2021 saw a record $600B in healthcare M&A activity. In 2022, there is an anticipated slowdown in activity, however, M&A prospects remain strong in the medium to long-term. What are future growth drivers for the healthcare sector? Where might we see innovations that drive M&A? RBC’s Andrew Callaway, Global Head, Healthcare Investment Banking discusses with Vito Sperduto, Global Co-Head, M&A.

15 LGBTQ lead­ers in bio­phar­ma; Paul Stof­fels’ Gala­pa­gos re­vamp; As­traZeneca catch­es up in AT­TR; and more

Welcome back to Endpoints Weekly, your review of the week’s top biopharma headlines. Want this in your inbox every Saturday morning? Current Endpoints readers can visit their reader profile to add Endpoints Weekly. New to Endpoints? Sign up here.

A return to in-person conferences also marks a return to on-the-ground reporting. My colleagues Beth Synder Bulik and Nicole DeFeudis were on-site at Cannes Lions, bringing live coverage of pharma’s presence at the ad festival — accompanied by photos from Clara Bui, our virtual producer, that bring you right to the scene. You can find a recap (and links to all the stories) below.

Endpoints News

Keep reading Endpoints with a free subscription

Unlock this story instantly and join 144,300+ biopharma pros reading Endpoints daily — and it's free.

AstraZeneca's new Evusheld direct to consumer campaign aims to reach more immunocompromised patients.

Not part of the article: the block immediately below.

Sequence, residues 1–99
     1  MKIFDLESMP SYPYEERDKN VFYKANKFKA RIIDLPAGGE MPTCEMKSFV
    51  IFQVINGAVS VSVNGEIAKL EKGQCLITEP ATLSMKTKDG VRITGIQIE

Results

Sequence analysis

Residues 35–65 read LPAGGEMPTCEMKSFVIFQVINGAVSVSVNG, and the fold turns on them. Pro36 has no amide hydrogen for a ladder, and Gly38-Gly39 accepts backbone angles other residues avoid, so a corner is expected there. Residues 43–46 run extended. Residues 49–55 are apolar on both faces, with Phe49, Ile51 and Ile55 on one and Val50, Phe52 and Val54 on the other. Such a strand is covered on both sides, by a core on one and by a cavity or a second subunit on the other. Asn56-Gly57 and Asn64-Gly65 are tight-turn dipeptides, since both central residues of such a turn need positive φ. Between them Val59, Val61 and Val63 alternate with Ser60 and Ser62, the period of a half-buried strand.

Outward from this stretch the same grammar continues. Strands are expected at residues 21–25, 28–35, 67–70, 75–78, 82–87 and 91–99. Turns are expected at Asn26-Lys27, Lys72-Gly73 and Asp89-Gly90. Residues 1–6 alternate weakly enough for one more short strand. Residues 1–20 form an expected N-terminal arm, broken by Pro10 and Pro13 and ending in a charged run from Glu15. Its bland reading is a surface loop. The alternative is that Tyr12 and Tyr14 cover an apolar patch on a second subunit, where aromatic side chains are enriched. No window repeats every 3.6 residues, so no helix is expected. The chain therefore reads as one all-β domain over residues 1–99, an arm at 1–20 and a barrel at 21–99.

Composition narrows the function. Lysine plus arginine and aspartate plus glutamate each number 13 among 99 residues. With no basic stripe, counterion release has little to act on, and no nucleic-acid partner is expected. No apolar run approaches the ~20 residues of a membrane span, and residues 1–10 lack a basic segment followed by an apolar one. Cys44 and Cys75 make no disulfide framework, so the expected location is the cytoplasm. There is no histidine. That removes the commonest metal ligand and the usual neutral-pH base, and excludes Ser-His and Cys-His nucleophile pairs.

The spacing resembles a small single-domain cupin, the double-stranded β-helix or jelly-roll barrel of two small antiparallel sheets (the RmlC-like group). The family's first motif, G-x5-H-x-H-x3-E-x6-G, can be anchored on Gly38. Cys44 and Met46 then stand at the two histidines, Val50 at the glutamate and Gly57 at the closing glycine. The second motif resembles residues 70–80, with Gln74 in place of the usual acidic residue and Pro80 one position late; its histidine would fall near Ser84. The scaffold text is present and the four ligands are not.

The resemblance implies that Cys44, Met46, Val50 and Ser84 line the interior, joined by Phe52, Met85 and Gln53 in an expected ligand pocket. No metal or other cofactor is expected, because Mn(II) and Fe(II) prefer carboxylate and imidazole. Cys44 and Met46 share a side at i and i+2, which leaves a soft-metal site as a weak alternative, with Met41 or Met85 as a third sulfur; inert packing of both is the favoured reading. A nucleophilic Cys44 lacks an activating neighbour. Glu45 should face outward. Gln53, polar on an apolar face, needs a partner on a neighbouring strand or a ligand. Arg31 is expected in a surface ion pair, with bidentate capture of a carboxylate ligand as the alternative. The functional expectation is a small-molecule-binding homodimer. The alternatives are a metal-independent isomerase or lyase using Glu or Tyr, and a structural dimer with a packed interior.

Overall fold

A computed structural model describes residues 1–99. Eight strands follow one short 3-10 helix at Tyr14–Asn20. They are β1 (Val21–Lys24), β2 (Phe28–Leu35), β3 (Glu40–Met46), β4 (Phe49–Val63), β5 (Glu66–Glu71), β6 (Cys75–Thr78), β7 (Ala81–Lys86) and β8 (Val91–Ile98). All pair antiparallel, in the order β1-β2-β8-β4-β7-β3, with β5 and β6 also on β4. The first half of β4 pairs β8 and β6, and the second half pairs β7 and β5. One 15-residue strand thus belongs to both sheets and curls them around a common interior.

As­traZeneca de­buts first con­sumer cam­paign for its Covid-19 pro­phy­lac­tic Evusheld — and a first for EUA drugs

AstraZeneca’s first consumer ad for Evusheld is also a first for drugs that have been granted emergency use authorizations during the pandemic.

The first DTC ad for a medicine under emergency approval, the Evusheld campaign launching this week aims to raise awareness among immunocompromised patients — and spur more use.

Evusheld nabbed emergency authorization in December, however, despite millions of immunocompromised people looking for a solution and now more widespread availability of the drug.

Endpoints News

Keep reading Endpoints with a free subscription

Unlock this story instantly and join 144,300+ biopharma pros reading Endpoints daily — and it's free.

Yong Dai, Frontera Therapeutics CEO

Scoop: Lit­tle-known Or­biMed-backed biotech clos­es $160M round to start gene ther­a­py tri­al

Frontera Therapeutics, a China and US biotech, has closed a $160 million Series B and received regulatory clearance to test its first gene therapy stateside, Endpoints News has learned.

Led by the largest shareholder, OrbiMed, the biotech has secured $195 million total since its September 2019 founding, according to an email reviewed by Endpoints. The lead AAV gene therapy program is for an undisclosed rare eye disease, according to the source.

Endpoints News

Keep reading Endpoints with a free subscription

Unlock this story instantly and join 144,300+ biopharma pros reading Endpoints daily — and it's free.

De­spite a slow start to the year for deals, PwC pre­dicts a flur­ry of ac­tiv­i­ty com­ing up

Despite whispers of a busy year for M&A, deal activity in the pharma space is actually down 30% on a semi-annualized basis, according to PwC’s latest report on deal activity. But don’t rule out larger deals in the second half of the year, the consultants said.